I got talking to a colleague this week, a topic I hadn’t thought of until it was brought to my attention, but really struck a chord with me. At heart I am quite traditional, nostalgic and whimsical even. I love to look back over yester-year, reminisce and remember a time gone by. Friends, colleagues and family have always said I was quite possibly born in the wrong era.. of which I tend to agree.
A recent study for Deramores Online Knitting Store shows that Social Media is now the main resource for learning traditional skills, such as cooking, knitting, sewing instead of from our Grandparents.
With the ever growing on-line presence it seems more and more youngsters are opting to turn to social media rather than ask a family member.
Children are far more comfortable having on-line conversations rather than chatting and learning from their elders.
This astounded me.
Are we loosing the traditional methods of passing down skills from generation to generation, and instead opting for the likes of YouTube and twitter to be taught?
My grandparents sadly died before I could be taught anything from them, but my mother was taught by her mother how to knit, and she then in turn taught me how to knit.
The one thing that stands out from the time she took to teach me was the bonding that took place whilst we sat together and i listened and learned while she taught and encouraged.
I remember asking her numerous questions, her fixing my mistakes and showing me how to cast on and knit and pearl.
I wouldn’t have swapped that bonding experience for anything.
Images Via Deramores
And now, my mum as a Grandmother has started to teach her Granddaughters how to knit, with fun projects like the Cbeebies programme The Clangers knitting pattern, she is bringing fun in to traditional skills to a younger generation.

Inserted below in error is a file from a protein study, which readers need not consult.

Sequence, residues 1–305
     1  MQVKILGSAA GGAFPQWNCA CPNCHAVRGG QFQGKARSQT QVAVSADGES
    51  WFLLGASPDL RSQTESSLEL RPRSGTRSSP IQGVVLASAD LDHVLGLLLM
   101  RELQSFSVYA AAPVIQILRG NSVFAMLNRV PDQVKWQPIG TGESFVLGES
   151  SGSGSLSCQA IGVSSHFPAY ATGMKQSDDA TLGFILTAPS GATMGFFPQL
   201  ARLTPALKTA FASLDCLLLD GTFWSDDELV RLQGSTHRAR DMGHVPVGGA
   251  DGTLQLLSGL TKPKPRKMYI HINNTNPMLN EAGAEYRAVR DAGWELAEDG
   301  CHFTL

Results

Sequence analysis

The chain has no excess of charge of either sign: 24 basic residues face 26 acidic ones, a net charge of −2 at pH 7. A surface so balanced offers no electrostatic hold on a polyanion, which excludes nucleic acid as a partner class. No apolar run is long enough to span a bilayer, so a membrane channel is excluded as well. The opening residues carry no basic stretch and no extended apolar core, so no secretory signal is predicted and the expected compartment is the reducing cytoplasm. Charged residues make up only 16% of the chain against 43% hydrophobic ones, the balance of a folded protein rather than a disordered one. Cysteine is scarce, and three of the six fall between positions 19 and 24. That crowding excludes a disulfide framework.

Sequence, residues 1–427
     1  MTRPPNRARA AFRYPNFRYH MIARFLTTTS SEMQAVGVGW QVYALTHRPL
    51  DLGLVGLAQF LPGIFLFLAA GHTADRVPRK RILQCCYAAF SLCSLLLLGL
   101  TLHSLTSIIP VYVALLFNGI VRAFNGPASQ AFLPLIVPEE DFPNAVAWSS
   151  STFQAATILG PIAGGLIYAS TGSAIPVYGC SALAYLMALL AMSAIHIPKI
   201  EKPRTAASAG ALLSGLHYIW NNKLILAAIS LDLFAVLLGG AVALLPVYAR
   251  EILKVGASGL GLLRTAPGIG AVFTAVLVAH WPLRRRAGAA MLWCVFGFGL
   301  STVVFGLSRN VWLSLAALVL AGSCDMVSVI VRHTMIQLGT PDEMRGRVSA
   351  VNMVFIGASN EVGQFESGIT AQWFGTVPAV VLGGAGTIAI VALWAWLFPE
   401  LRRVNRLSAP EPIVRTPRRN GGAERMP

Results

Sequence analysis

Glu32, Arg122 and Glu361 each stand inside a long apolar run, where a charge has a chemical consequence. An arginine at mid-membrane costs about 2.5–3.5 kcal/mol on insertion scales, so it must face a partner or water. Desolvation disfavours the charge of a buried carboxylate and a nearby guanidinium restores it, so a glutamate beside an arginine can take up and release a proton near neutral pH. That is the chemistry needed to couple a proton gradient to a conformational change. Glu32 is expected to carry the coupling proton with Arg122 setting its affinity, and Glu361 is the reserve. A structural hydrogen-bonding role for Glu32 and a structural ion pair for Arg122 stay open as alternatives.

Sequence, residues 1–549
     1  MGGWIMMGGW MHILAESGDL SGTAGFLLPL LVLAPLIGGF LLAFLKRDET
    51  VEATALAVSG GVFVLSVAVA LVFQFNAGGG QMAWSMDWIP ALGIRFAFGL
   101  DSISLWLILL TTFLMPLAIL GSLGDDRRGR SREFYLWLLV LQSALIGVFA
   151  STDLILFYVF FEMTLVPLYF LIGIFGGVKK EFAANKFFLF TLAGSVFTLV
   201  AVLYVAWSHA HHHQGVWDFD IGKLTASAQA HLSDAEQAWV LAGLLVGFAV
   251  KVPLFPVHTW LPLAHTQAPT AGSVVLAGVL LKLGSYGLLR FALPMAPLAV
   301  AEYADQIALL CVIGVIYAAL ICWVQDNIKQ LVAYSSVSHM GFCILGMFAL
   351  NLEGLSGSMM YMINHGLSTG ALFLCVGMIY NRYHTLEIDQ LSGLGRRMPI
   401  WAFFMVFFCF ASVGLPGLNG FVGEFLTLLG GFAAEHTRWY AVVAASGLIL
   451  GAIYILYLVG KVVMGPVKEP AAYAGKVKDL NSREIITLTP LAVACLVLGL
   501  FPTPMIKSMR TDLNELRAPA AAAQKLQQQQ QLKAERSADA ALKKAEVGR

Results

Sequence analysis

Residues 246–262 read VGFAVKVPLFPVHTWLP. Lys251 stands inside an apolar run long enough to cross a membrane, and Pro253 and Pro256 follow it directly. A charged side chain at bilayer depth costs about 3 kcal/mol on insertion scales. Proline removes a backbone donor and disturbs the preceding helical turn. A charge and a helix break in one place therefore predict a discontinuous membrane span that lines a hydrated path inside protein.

And by teaching them, she not only imparts a great skill but also has built memories that will last them a lifetime.
You just don’t get that from social media.
Just to play devils advocate here, the other side is of course that some of us don’t have relatives to pass on traditions, whether that be due to distance, or loss, or just generally busy.
Social media is a 24 hour business, allowing us to dial in whenever we have a spare, convenient minute, it opens avenues that were possibly closed to us before, offering tutorials and blog posts with intricate instructions from people who know what they’re doing, and happy to share this information.
Social Media definitely plays an integral part in our lives these days and a big part of our learning process.
My personal opinion is: Both are great sources for learning.
But traditional skills learned from our elders not only creates new abilities but are memory makers also. Learning from social media won’t deepen the bond, or create those lasting thoughts of that time you spent with a loved one, whether than be knitting, cooking of gardening!
And if we turn to our elders, then maybe our children in turn will do the same.
A mix of both old tradition and new traditions, perhaps grandchild can show grandparent YouTube and new digital formats.
In this fast passed, throw away world we live in, bringing traditions forward with us a wonderful way to keep us grounded.
What are your thoughts on traditions? I would genuinely love to hear.
Were you taught any traditional skills by parents or grandparents?
I really fancy sitting down with my mum and picking my knitting back up, its been years and I could do with a refresher course with her over a cuppa and a chat.. You don’t get that from social media now do you. Great coffee, great company, great memories made.
Thanks for reading and supporting RTH and the brands I very happily work with. I love a bit of thought provoking conversation.